NAIROBI – Kenya has relinquished its position as the most corrupt country in East Africa to Burundi, according to the East African Bribery Index 2010 by Transparency International-Kenya. The index which has expanded to Rwanda and Burundi this year, ranks the latter at the top position with a corruption prevalence of 36.7% while Rwanda is the least corrupt country in the region with a prevalence of 6.6 %. Kenya, at third position, has registered a slight improvement in the prevalence of corruption, from a corruption prevalence rate of 45% in 2009, to 31.9% this year. Uganda comes second at 33% while Tanzania is fourth with a corruption prevalence of 28.6%.
The East African Bribery Index is a governance tool developed to measure bribery levels in the private and public sectors in the region. The survey was conducted among 10,505 respondents selected through random household sampling across all the administrative provinces in the five countries between January and March 2010.
The EABI 2010 clearly shows that apart from Rwanda where incidents of bribery were found to be negligible, corruption is still an impediment to responsive public service delivery in the region. Key governance and enforcement institutions such as the police, judiciary, and defence featured prominently in the index, as did institutions offering key services like health, education, housing and finance.
The Revenue Authority in Burundi is the most corrupt institution in the region, dislodging The Kenya Police which topped the ranks in 2009. The police force in Burundi comes second, followed by the Kenya Police, Uganda Revenue Authority and Tanzania Police in that order. Completing the list of the top ten most corrupt institutions are the Uganda Police, Ministry of State for Defence (Kenya), the Nairobi City Council and the Judiciary in Kenya and Tanzania.
The Aggregate Index for Rwanda could not be formulated following the limited number of reported bribery incidents in that country (78 bribery experiences out of 4,350 interactions with service delivery institutions). Indeed, none of the institutions in Rwanda are ranked in the regional Aggregate Index. TI-Kenya hopes that a deeper comparative study will be conducted in Rwanda to establish practices that have led to a negligible level of corruption there.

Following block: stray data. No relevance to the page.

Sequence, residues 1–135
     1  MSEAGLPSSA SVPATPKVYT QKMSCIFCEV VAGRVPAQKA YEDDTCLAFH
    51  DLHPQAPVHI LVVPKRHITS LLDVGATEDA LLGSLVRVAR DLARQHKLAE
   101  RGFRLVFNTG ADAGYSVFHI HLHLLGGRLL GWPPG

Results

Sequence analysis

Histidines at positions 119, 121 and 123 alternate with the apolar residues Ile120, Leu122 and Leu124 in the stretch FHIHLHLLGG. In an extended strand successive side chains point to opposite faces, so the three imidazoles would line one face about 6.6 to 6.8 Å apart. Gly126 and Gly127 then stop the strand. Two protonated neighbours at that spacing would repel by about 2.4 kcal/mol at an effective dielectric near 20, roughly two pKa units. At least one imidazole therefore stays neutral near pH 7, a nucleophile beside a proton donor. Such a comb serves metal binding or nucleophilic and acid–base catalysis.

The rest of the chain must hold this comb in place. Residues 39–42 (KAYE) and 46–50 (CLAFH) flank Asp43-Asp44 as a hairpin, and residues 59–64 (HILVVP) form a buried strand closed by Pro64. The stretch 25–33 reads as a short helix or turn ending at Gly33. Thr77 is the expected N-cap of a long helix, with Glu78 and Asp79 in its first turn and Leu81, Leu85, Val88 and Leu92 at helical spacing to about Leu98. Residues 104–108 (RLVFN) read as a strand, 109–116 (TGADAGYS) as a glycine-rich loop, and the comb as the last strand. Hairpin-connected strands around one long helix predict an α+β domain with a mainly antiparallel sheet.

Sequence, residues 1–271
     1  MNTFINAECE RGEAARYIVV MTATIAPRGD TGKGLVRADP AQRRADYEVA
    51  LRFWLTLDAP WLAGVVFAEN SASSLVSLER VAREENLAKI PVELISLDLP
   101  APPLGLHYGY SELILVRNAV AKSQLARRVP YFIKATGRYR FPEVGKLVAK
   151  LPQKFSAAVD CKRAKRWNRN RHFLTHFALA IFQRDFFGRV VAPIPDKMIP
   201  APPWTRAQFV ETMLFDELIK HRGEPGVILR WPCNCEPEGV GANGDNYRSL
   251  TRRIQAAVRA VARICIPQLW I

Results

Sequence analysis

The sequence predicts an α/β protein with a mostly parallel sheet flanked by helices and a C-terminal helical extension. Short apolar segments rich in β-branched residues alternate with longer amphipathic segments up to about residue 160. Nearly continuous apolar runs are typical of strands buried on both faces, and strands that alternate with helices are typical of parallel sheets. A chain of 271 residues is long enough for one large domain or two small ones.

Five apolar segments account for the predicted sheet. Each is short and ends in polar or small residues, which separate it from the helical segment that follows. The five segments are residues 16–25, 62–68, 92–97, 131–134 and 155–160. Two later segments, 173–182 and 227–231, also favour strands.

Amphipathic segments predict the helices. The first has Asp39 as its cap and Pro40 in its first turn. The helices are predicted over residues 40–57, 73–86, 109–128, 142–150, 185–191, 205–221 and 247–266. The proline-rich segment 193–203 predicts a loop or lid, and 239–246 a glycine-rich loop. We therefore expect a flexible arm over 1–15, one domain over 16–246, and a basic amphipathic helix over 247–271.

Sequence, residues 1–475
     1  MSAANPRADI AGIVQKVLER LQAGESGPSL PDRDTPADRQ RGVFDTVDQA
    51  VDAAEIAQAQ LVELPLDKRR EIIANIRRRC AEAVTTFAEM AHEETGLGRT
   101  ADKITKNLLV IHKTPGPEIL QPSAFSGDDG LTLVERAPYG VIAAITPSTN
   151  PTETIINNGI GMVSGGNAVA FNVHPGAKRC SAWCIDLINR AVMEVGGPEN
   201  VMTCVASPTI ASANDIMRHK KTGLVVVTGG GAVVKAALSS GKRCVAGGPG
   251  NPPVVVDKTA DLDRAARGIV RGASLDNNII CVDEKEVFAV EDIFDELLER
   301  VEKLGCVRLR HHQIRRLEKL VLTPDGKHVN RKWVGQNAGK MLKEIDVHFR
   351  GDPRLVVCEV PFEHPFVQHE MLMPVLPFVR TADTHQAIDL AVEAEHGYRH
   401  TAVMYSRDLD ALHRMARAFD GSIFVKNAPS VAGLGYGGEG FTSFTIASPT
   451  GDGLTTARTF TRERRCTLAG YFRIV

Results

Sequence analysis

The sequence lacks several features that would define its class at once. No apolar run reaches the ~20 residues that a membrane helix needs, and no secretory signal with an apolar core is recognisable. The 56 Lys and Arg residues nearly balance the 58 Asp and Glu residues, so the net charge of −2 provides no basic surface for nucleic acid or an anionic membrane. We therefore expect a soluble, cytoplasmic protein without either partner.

Three institutions listed in 2009 exited the 2010 Kenya Aggregate Index; these are the National Social Security Fund (NSSF), National Health Insurance Fund (NHIF) and the Ministry of Public Works. Entrants to the index are the Kenya Prisons Service, Kenya Ports
Authority, Ministry of Forestry and Wildlife and the Ministry of Youth Affairs and Sports.
The Aggregate Index for Tanzania had notable changes due to the first-time listing of some institutions. Eight of the listed institutions were new entries with the Tanzania National Parks
(TANAPA) being the only notable exit. Institutions listed for the first time included the Tanzania Ports Authority, Registrar of Births and Deaths, Tanzania Prisons Service and the Department of Defence.
In the case of Uganda, there were minimal changes in the overall ranking compared to the 2009 Aggregate Index. However, some institutions including public and private schools, public hospitals and state corporations made their first appearance in the index. The Northern Uganda Social Action Fund, The Aids Support Organisation (TASO) and the Immigration Department left the index.
The corruption perception in Kenya has not changed much for three consecutive years, according to the index. Close to 90% of the respondents rated the country as being between corrupt and extremely corrupt, while only 8.5% regarded Kenya as slightly corrupt. This is in sharp comparison to Rwanda, where about 84% of the respondents perceived the country as slightly corrupt while only 12% said the country was either corrupt or extremely corrupt. Both Tanzania and Burundi had 85% of the respondents rating their countries as corrupt or extremely corrupt while only eight percent of those sampled in Burundi perceived their country as slightly corrupt.
The index highlights that the reportage of corruption cases is still very low in the region. Ninety-three percent of the respondents from Uganda who experienced a bribery situation did not report the matter to any authority, while 92.9% of those who were in a bribery situation
in Tanzania did not file a complaint. Majority of the respondents in Burundi (92%) did not report the bribery incident. In Kenya, 89% of the respondents did not report corruption cases, while the majority of those who filed complaints (40.8%) sought redress from the management of the respective institutions with 11% and 4.9% reporting to the police and the Office of the Ombudsman (Public Complaints Standing Committee) respectively.
The commencement of the East African Common Market Protocol on July 1st, 2010 is expected to boost trade across the five East African countries by promoting free movement of goods, services and capital. However, corruption threatens to hold back the attainment of the
objectives set out by the member states.
“East African countries need to scrutinise their service delivery mechanisms with the objective of rooting out practices such as corruption that are impeding the accessibility of basic services, “said the Transparency International-Kenya Executive Director, Samuel Kimeu. “This will promote equality, development and the reduction of poverty in the region,” he added during the launch attended by the heads of the other four TI national chapters in East Africa.
In the Kenyan case, a Proposed Constitution containing stronger accountability safeguards will be put to vote on August 4th, 2010. If passed, it will serve as the gateway for much needed institutional reforms aimed at curbing corruption incidents in the public sector.